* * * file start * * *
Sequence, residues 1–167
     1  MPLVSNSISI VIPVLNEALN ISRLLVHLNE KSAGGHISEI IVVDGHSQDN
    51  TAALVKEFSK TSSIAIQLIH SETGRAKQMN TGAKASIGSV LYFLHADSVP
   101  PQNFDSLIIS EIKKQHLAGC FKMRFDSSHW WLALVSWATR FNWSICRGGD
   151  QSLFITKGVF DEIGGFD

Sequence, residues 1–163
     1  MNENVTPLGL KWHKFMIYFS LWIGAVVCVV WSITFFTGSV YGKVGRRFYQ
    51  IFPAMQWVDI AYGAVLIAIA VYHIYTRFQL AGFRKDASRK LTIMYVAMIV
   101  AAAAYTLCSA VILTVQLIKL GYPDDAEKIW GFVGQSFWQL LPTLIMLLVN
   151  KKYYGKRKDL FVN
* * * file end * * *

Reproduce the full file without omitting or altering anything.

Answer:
Sequence, residues 1–167
     1  MPLVSNSISI VIPVLNEALN ISRLLVHLNE KSAGGHISEI IVVDGHSQDN
    51  TAALVKEFSK TSSIAIQLIH SETGRAKQMN TGAKASIGSV LYFLHADSVP
   101  PQNFDSLIIS EIKKQHLAGC FKMRFDSSHW WLALVSWATR FNWSICRGGD
   151  QSLFITKGVF DEIGGFD

Sequence, residues 1–163
     1  MNENVTPLGL KWHKFMIYFS LWIGAVVCVV WSITFFTGSV YGKVGRRFYQ
    51  IFPAMQWVDI AYGAVLIAIA VYHIYTRFQL AGFRKDASRK LTIMYVAMIV
   101  AAAAYTLCSA VILTVQLIKL GYPDDAEKIW GFVGQSFWQL LPTLIMLLVN
   151  KKYYGKRKDL FVN